#NotInvisible: Why are Native American women vanishing?

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#NotInvisible: Why are Native American women vanishing?

Kenny Still Smoking stands over the tombstone of his 7-year-old daughter, Monica, who disappeared from school in 1979 and was found frozen on a mountain, as he visits her grave on the Blackfeet Indian Reservation in Browning, Mont., on July 14. “I talk to her, let her know I’m doing OK, that I’m still kicking,” he said. “I think about her all the time.”

#NotInvisible: Why are Native American women vanishing?

Kenny Still Smoking stands over the tombstone of his 7-year-old daughter, Monica, who disappeared from school in 1979 and was found frozen on a mountain, as he visits her grave on the Blackfeet Indian Reservation in Browning, Mont., on July 14. “I talk to her, let her know I’m doing OK, that I’m still kicking,” he said. “I think about her all the time.”

#NotInvisible: Why are Native American women vanishing?

From left, Kimberly Loring, Staci Salois, Randy Ortiz, Lissa Loring and George A. Hall, look for clues under a trailer during a search in Valier, Mont., for the Lorings’ sister and cousin, Ashley HeavyRunner Loring, who went missing in 2017 from the Blackfeet Indian Reservation, on July 11. Lissa says Ashley’s disappearance constantly weighs on her. “All that plays in my head is where do we look? Who’s going to tell us the next lead?”

#NotInvisible: Why are Native American women vanishing?

Lissa Loring points Blackfeet law enforcement officers to a trailer in Valier, Mont., where she believes clues have been found during a search for her cousin, Ashley HeavyRunner Loring, who went missing last year from the Blackfeet Indian Reservation. This search is motivated, in part, by the family’s disappointment with the reservation police force – a common sentiment for many relatives of missing Native Americans.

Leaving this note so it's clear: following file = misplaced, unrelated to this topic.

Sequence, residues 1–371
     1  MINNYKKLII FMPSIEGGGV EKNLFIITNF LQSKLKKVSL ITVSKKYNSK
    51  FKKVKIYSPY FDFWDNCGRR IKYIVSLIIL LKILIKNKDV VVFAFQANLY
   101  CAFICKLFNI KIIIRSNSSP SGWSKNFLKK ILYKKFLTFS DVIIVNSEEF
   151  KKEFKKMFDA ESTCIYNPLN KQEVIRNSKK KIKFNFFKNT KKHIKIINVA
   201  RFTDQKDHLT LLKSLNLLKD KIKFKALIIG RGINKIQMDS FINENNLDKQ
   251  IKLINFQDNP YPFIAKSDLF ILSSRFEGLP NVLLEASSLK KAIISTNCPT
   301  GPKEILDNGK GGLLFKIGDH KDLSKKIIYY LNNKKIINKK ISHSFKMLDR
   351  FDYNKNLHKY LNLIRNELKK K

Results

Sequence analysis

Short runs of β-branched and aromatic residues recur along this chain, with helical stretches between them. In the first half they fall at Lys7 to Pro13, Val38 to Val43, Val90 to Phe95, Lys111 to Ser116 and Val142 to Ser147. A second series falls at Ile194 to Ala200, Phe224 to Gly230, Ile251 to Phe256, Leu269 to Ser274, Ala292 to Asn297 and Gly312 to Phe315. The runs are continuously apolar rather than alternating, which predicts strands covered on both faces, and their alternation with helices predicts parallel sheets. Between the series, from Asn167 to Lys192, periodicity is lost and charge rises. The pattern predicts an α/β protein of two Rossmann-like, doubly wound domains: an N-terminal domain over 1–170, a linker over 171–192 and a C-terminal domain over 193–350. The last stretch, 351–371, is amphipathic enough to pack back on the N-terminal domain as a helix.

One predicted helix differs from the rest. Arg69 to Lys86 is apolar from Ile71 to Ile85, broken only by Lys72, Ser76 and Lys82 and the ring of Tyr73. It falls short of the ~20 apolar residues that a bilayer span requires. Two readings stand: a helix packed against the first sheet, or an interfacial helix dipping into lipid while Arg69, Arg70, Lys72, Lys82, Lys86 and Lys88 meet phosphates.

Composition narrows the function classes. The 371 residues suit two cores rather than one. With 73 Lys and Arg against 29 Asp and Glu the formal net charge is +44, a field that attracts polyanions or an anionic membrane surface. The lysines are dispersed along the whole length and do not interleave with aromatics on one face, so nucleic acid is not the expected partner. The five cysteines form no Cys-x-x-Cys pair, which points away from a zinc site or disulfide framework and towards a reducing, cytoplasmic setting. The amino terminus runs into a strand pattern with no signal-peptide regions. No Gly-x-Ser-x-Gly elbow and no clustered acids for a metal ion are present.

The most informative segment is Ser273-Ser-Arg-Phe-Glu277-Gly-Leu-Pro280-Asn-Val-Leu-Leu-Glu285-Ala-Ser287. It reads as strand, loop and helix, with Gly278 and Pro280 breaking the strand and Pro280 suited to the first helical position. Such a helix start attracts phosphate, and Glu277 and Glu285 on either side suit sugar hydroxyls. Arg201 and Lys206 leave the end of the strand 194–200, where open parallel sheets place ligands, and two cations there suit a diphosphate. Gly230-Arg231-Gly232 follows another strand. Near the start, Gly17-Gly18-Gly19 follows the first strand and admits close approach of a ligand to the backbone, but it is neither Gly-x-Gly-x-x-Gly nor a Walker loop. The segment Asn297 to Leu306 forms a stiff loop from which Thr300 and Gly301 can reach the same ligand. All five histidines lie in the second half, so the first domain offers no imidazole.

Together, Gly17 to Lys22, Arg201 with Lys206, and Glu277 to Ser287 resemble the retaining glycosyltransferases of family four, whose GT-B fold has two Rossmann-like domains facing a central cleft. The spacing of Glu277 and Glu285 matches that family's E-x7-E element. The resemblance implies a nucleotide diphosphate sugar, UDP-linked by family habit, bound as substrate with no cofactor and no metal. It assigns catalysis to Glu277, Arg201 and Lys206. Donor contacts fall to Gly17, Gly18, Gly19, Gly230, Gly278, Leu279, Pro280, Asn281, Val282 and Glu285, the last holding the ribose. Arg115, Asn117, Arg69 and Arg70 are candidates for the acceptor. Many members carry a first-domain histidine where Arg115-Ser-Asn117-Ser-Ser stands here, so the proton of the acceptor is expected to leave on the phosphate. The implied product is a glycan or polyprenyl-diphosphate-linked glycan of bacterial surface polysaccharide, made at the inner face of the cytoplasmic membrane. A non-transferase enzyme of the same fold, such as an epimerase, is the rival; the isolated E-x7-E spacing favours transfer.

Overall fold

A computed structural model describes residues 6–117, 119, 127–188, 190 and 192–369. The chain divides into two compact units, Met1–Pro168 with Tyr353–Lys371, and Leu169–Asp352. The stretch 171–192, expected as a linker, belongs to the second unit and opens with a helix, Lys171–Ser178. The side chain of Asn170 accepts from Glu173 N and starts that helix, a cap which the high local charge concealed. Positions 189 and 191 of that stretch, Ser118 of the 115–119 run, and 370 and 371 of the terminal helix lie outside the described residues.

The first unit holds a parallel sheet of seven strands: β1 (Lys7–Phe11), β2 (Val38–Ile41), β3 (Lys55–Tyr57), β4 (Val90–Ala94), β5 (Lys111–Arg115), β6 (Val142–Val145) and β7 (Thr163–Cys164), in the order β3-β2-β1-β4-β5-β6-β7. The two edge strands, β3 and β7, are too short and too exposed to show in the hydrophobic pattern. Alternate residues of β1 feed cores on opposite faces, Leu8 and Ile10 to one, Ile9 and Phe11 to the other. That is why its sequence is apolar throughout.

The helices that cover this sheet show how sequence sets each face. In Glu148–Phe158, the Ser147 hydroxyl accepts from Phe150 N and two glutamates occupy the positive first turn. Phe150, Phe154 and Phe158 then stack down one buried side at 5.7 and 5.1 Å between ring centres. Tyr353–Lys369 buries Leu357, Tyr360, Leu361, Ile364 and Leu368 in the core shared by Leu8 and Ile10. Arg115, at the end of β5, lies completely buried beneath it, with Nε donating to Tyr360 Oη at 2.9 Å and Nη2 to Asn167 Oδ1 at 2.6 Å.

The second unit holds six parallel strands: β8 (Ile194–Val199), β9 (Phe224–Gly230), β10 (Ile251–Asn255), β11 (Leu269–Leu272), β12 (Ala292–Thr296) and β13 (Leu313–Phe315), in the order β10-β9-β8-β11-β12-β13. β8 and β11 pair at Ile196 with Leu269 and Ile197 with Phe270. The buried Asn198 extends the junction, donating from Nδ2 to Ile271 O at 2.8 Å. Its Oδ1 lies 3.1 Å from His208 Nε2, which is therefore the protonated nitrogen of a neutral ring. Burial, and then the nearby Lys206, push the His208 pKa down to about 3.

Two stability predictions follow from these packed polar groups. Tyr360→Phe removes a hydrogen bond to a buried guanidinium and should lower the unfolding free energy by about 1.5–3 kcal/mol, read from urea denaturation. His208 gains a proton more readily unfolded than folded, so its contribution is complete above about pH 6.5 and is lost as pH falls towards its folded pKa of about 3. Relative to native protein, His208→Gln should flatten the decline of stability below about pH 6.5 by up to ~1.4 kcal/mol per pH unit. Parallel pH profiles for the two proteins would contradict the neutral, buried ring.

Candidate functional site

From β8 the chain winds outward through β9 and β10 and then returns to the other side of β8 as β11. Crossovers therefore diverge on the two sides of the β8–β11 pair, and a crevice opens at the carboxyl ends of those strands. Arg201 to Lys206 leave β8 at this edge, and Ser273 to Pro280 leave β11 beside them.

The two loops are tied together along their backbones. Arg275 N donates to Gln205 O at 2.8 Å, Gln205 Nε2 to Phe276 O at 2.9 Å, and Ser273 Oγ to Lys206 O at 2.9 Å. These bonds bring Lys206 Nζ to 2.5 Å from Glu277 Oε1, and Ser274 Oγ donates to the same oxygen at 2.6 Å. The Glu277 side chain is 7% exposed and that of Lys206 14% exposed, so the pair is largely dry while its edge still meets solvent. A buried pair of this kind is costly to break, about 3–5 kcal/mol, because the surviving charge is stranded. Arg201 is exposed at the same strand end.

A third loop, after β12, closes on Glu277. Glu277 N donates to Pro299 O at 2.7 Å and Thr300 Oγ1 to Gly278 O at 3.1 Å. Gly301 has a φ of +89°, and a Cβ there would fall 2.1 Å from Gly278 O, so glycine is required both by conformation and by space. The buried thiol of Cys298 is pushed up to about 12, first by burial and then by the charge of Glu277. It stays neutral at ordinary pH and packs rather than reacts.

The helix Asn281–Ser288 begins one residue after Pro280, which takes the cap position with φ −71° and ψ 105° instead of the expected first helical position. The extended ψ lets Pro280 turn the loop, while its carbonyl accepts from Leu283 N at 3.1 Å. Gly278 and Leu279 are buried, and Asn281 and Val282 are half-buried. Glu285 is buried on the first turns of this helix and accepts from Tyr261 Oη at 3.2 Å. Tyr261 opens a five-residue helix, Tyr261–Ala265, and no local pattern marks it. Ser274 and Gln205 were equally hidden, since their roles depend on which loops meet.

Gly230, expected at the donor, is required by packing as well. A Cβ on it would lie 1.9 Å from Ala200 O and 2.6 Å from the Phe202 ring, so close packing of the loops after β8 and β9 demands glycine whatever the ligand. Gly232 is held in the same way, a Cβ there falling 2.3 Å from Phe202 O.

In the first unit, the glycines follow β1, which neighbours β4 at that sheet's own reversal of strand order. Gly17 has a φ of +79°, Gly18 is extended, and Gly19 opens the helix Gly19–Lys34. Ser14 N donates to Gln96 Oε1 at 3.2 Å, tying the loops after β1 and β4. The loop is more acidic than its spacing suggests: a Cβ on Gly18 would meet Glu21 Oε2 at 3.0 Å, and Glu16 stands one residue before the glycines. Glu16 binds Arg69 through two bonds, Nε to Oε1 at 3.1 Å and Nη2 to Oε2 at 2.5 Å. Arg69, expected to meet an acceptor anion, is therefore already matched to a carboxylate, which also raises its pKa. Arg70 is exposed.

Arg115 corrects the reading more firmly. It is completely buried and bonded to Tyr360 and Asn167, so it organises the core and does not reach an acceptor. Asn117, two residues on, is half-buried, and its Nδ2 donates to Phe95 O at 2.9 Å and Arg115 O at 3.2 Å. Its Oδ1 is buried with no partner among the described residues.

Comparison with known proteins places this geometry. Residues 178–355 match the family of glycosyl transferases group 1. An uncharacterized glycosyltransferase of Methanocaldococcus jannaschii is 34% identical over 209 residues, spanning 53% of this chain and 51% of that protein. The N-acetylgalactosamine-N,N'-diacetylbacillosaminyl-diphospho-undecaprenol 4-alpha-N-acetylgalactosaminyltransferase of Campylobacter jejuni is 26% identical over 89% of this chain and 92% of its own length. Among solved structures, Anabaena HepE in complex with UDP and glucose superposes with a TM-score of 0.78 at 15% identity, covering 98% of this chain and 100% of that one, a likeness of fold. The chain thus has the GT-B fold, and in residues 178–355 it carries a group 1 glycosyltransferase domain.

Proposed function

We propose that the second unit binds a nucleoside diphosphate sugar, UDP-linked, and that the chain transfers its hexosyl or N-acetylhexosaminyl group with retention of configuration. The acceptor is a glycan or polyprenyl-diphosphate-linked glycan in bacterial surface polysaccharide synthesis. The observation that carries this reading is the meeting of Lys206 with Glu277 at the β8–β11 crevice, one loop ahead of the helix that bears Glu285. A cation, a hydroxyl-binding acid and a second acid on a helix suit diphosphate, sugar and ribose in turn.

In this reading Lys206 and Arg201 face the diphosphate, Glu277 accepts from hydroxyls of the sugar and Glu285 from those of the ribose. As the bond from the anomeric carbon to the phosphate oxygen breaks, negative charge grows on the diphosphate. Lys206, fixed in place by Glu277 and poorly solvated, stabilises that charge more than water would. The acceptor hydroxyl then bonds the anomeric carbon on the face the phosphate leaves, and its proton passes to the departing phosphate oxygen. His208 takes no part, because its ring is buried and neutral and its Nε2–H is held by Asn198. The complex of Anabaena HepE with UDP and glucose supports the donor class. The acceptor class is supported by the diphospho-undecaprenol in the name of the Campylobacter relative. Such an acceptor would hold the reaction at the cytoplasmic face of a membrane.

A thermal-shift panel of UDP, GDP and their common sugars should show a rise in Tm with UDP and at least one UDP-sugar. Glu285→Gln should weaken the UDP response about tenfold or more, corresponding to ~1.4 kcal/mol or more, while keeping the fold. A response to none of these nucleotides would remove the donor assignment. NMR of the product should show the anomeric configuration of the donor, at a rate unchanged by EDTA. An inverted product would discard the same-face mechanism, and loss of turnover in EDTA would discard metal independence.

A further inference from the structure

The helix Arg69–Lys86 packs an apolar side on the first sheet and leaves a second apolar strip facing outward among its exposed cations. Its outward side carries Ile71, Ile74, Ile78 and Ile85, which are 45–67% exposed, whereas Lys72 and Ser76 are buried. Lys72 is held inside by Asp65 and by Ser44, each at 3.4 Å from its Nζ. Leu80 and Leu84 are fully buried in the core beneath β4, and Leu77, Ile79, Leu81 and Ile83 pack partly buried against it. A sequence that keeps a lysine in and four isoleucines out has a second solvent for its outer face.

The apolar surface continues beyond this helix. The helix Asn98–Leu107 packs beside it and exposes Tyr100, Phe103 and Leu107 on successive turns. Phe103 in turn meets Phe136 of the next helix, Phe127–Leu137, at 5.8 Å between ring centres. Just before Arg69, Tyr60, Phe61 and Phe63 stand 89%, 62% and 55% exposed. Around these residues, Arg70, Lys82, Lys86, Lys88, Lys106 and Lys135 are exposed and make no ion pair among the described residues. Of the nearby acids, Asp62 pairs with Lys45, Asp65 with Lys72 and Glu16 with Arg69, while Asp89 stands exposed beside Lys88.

#NotInvisible: Why are Native American women vanishing?

A photo of Ashley HeavyRunner Loring hangs on the wall as her sister, Kimberly, walks through her room at their grandmother’s home on the Blackfeet Indian Reservation in Browning, Mont., on July 13. Kimberly was 8 when she made a promise to Ashley, then 5, while the girls were briefly in a foster home. “‘We have to stick together,’” she’d said to her little sister. “I told her I would never leave her. And if she was going to go anywhere, I would find her.”

#NotInvisible: Why are Native American women vanishing?

A missing poster for Ashley HeavyRunner Loring is posted on the entrance of a grocery store on the Blackfeet Indian Reservation in Browning, Mont.. At first, her relatives say, tribal police suggested Ashley was old enough to take off on her own. The Bureau of Indian Affairs and tribal police headed up the initial investigation. The FBI later took over. BIA spokeswoman Nedra Darling says 55 people have been interviewed and 38 searches conducted.

#NotInvisible: Why are Native American women vanishing?

Jenna Loring, left, the aunt of Ashley HeavyRunner Loring, cries with her cousin, Lissa Loring, during a traditional blanket dance before the crowd at the North American Indian Days celebration on the Blackfeet Indian Reservation in Browning, Mont., on July 14. The event was held to raise awareness and money for Ashley’s search. With just about 1,000 residents on the reservation, many people are related, and secrets have a way of spilling out. “There’s always somebody talking,” says Lissa, “and it seems like to us since she disappeared, everybody got quiet. I don’t know if they’re scared, but so are we. That’s why we need people to speak up.”
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